Twenty-One/Twenty

01/16/2020 By Shawn Burns

When we woke up this morning, Emily and I had been married for 21 years. Tomorrow, we’ll go out to a nice dinner, but today is a regular day in a wonderfully long marriage. I woke up the kids and got them to school, then went grocery shopping. Emily went to work. I cleaned the gutters in the rain because I noticed one was clogged. I went to the hardware store for a drain snake to take care of another clogged drain pipe. Later, I’ll take Adrian to piano and pick up Erin from basketball practice. Emily will go to San Francisco to teach a class. I’ll make dinner, and get the kids through homework. Emily will come home later, and we’ll watch Doctor Who.

That’s a pretty good day, as I look at it. We’re healthy, secure, happy, and we have time for each other and for the kids. On most days, Emily is home by dinner (she only teaches on Thursdays); on most days, I have rehearsal for the musical I wrote, then I make a quick dinner, or maybe Emily will pick up something on the way home. Some days are filled with meetings at the school. Not every day is an adventure you photograph. Not every weekend is a food tour of Chinatown or a trip to Canada. Not every anniversary is a weekend away at a resort.

But some anniversaries are. As the rain filled the gutters, I thought about our twentieth anniversary last year.

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We wanted to do something very special for our twentieth anniversary. We considered lots of things: the Orient Express; Argentina; Hawaii; Bali; Banff; Barcelona. Having a January anniversary in California means chasing the sun somewhere, or leaning into winter somewhere else. We couldn’t make up our minds. Then Lin-Manuel Miranda announced he would bring Hamilton to Puerto Rico, and he would step back into the lead role for that run. It would all support relief efforts in Puerto Rico through the Flamboyan Arts Fund. The choice was suddenly very easy.

So last year we left the kids with grandma (thanks grandma!) and spent an extra-long weekend in Puerto Rico.

We had a lovely anniversary dinner at 1919.

And by coincidence, Luis Miranda Jr. (Lin-Manuel’s father) was also there having dinner with the Flamboyan Arts Fund group that night.

The next day we saw Hamilton, and it was amazing. It couldn’t have been otherwise.

And by coincidence, Puerto Rico was celebrating the San Sebastian (“San Se”) street festival that weekend, so Old San Juan was the site of the biggest party I’ve ever seen. We walked all over Old San Juan with hundreds of thousands of other people, eating and drinking and dancing and listening to live music.

The next day we got a little dressed up and did a photoshoot in town. We used a service called Flytographer to connect us to a local photographer who knew her way around and where to shoot.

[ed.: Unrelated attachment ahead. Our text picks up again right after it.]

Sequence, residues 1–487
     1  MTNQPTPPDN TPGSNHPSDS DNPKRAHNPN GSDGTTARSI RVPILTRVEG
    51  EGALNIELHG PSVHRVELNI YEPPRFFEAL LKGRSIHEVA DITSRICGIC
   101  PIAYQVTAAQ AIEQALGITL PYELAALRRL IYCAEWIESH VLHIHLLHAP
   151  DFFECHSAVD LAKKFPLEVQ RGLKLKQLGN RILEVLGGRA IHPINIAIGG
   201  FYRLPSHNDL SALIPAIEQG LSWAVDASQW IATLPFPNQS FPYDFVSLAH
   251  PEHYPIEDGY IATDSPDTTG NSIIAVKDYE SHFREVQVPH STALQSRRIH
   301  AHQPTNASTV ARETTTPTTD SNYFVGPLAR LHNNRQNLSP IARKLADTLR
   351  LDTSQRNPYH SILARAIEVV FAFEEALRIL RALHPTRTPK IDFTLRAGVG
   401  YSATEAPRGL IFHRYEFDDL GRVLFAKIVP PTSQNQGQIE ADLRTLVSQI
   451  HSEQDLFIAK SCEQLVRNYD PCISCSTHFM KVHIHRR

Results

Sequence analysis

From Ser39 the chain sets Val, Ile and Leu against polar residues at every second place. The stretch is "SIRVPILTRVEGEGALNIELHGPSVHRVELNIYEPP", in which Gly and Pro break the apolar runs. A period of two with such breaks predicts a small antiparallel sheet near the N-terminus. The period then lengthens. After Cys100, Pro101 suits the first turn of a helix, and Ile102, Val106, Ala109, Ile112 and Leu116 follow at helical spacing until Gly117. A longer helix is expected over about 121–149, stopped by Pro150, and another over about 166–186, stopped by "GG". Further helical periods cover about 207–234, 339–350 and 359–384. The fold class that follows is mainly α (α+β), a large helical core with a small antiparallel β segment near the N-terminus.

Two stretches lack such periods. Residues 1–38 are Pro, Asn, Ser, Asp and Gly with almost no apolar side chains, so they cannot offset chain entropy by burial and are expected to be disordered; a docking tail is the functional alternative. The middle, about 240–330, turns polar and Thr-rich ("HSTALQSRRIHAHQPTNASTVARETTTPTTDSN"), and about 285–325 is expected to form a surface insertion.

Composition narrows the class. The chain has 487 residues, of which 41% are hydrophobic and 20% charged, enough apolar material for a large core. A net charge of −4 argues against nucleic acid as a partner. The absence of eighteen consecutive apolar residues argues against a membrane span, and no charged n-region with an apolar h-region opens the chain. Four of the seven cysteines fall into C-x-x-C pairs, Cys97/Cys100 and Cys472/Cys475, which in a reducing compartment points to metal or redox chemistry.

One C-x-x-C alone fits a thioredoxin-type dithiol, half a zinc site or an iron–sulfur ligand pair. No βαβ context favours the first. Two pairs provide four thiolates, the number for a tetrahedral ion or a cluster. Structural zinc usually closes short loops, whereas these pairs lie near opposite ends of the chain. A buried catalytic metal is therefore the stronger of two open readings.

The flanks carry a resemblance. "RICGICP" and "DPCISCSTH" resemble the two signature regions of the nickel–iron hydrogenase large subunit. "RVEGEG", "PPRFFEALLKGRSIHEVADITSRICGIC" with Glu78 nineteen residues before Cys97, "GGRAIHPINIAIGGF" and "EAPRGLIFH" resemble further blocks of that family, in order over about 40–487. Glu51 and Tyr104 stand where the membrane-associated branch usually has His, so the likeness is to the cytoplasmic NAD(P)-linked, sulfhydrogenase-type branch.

That night we went to a place called Lote 23, where Puerto Rican chefs and restaurant owners have permanent food trucks. There were lots of people inside, and music playing, but the front gate at the sidewalk entrance seemed to be locked. Our cab driver knew where the back entrance was, so he drove us around to the parking lot side. We got out and approached a check-in booth where some marketing company seemed to be collecting e-mail addresses and getting people to download their networking app. It wasn’t until we were all signed in and starting to walk through the entrance that we realized:

We had just crashed a private networking event connecting local startups and investors.

They didn’t care, but we didn’t overstay our (un)welcome. We bailed after a few minutes, vowing to return on a night it was actually open, and headed out to another part of town claiming to have restaurants or bars that were open.

We ended up at a restaurant in La Placita for dinner. It was the only place open, and it was fine. Emily met a cat.

But just across the street, at a walk-up bar called El Coco de Luis, we had the best, and cheapest, mojitos we had in San Juan.

We sat outside and drank out of plastic cups and be’d married.

The next day we did an actual tour of Old San Juan with a tour guide our hotel connected us with.

We had already spent a lot of time in that part of the city, but still didn’t know anything about it.

Our guide told us all about the old colony, the buildings, forts, and churches, but we also talked about current events in Puerto Rico, reactions to aid and banks and Hamilton, and different power structures on the island. She knew everybody, and took us to an art exhibit where we were able to see work by local artists, and to a bar where we did a rum tasting behind the bar with the bartender.

It was pretty warm in Puerto Rico, even in January. We made the right choice to chase the sun for our anniversary. We were also introduced to Señor Paleta.

Later that night we returned to Lote 23 and actually got to try all the different street foods the chefs were making.

We even went in through the front gate this time.

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I have to go take Adrian to his piano lesson now. He just gave me a PowerPoint presentation about why I should let him play Fortnite. Sometimes anniversaries are spent in Puerto Rico. Sometimes they are spent parenting. I love both. I’m lucky to be able to do both.

But maybe next year we can go back to Puerto Rico.

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Thanks for reading this far. As you may know, Puerto Rico has recently suffered major earthquakes while still recovering from the hurricane a couple of years ago. Chef José Andrés formed the World Central Kitchen, an organization that brings food to disaster-stricken areas, and is currently distributing food in Puerto Rico with the help of many local chefs. Please consider making a donation to support them.